The first step is to be clear about the difference between Excel and Access, and when Access can offer greater value. Our article on What is Microsoft Access Used For? is a great starting point. In short, if you need to track a large volume of information, need to produce polished reports, gather input from many users efficiently, or perform validations to ensure your data is consistent, Access is a far more reliable tool than Excel. Lastly, it is important to know that there is most certainly a learning curve to get up to speed with Access. But the time you gain overall by reducing manual and repetitive work in Excel far outweighs the time it takes to learn Access as a new skill.
Once you know Access is the right next step for you, it's important to begin by creating your Access database structure. Unlike Excel where the data is stored in a "flat" manner, with all related information in a single row in an Excel worksheet. In contrast, Access stores related information in single table, and then ties it all together by using numeric "keys." For example, there would be a table that might just store customer data (customer name, phone, address), and another table that would store orders (order amount, date, taken by whom, sales tax). To join the two together so you would know which customer an order is for, you would use a unique customer identifier (stored in the customer table) that would then be placed into the order record. With this in place, you can at any time query both the orders table and customers table to get a full view of a specific order (including all related customer information) without ever repeating any information.
Determining how to structure your Access database takes time and a learning curve. But it is perhaps one of the most important steps you need to take. Access can help you analyze an imported Excel file, you can use a commercial product like Designer for Access to help speed you along, or you can take on the task manually using the Access table Design View. In any of those cases, you will want to:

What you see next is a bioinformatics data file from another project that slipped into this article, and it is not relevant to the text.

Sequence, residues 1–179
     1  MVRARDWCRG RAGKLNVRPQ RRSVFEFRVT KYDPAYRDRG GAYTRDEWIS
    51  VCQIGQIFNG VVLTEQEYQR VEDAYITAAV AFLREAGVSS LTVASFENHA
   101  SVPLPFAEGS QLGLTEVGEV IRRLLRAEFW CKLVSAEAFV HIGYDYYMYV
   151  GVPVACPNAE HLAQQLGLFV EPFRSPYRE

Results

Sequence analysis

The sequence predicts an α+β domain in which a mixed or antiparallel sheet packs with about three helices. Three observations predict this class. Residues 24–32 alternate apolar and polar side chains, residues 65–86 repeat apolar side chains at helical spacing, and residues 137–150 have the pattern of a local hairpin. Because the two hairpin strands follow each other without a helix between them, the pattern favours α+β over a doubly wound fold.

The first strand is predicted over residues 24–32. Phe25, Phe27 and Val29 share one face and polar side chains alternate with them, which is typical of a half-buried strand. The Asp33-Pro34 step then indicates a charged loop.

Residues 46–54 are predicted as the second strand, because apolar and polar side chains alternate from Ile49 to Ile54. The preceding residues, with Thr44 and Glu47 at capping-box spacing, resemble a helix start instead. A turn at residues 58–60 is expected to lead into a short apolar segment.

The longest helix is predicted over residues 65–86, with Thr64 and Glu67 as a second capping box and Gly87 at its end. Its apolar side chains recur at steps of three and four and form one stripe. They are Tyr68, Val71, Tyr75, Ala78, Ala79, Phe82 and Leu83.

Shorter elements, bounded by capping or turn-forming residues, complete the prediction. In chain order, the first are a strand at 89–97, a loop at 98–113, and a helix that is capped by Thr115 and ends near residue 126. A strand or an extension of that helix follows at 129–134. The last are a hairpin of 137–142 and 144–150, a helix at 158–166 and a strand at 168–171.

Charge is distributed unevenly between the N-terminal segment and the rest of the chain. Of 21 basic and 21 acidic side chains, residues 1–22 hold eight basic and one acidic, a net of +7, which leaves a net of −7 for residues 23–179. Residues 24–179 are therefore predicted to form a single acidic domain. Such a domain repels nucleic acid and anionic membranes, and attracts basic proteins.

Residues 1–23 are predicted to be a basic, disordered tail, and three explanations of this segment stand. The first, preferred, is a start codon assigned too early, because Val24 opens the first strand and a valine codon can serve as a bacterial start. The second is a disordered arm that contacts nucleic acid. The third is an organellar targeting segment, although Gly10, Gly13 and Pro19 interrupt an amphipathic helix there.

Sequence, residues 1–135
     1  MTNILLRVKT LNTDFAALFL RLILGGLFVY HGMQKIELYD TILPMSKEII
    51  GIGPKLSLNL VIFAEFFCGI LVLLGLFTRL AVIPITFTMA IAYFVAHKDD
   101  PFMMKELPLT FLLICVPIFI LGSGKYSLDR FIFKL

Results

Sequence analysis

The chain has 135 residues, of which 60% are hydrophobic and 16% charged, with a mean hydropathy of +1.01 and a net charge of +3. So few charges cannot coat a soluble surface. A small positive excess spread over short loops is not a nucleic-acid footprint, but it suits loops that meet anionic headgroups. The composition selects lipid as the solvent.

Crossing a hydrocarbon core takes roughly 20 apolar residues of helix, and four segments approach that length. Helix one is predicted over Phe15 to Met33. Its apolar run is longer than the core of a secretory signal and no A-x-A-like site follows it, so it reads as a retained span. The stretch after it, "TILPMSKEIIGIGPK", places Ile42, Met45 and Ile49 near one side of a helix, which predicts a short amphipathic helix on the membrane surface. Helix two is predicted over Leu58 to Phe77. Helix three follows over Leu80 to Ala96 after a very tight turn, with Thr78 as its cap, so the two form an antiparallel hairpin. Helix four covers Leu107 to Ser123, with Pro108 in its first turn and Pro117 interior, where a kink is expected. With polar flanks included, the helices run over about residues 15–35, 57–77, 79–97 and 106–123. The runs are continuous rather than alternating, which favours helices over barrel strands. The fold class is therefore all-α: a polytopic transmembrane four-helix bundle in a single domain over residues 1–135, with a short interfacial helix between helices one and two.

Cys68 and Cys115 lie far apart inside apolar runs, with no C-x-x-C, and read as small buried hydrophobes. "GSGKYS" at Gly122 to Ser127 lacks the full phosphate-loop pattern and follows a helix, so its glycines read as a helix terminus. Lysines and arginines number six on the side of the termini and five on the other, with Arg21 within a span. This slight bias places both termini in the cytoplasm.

The process of database design is usually iterative, you'll need to work through it several times to make sure you get all the tables and fields you want.
- Decide what the main things you want to track are. These are at the highest level, like: Customer, Products, Books, Students, Customers, etc.
- For each item in step (1) above, what are the specifics you want to track. So for Customers, what do you need to keep, such as Customer Name, Address, Zip Code, City, State, Market Segment, etc.
- Finally, decide how the items in step (1) relate to each other. This is a complex task in some cases, and may take studying books on database design. If you use Designer for Access the product helps decide that for you by asking two simple questions about each main thing you are tracking.
- Once you know how things relate, you are ready to begin creating your tables. For each item in step (1) above, create a table.
- Add the items from step (2) to the corresponding table as fields. Note that in Excel, a cell can contain anything (text, number, date), whereas Access will ask you to specifically say what you will store in the field. This again is a way to enforce consistency, make certain data entered is correct (you wouldn't want someone entering 'about $2000' in the amount of sale), and that you can query the data to calculate and report on it correctly.
- Finally, step (3) above will tell you if you need to place a reference to a unique key in another table (for example, a "CustomerID" reference in your Orders table), or possibly create a many-to-many join table (for example, if an order may include many individual products, you would need a Products table, an Orders table, and a table to make sure your order could include multiple products).
Once you are satisfied you have all the necessary elements to store in your database (tables and fields), you can either start entering new data into your Access database, or even migrate your Excel data into your new Access database. OpenGate has published an online tutorial for how to bring in "flat" Excel data into a relational database structure. While the video is specifically for a Designer for Access-created database, the steps are applicable even if you created the database on your own.
If only it were that easy! You can indeed import Excel into Access and have a table that looks almost exactly like your Excel worksheet. The problem, of course, is that you won't realize the benefits of Access as a relational database. Access does have a built-in table analyzer that may be able to help you split your spreadsheet into multiple related tables. However it presumes you have a good deal of database expertise to use. We suggest following the steps above to make sure you are ultimately successful with your project, and Access.
With millions of users, there is a vast wealth of resources to help you. From message boards, Access books, tutorials, blogs, and MS Access addins, you will have many resources to help you succeed.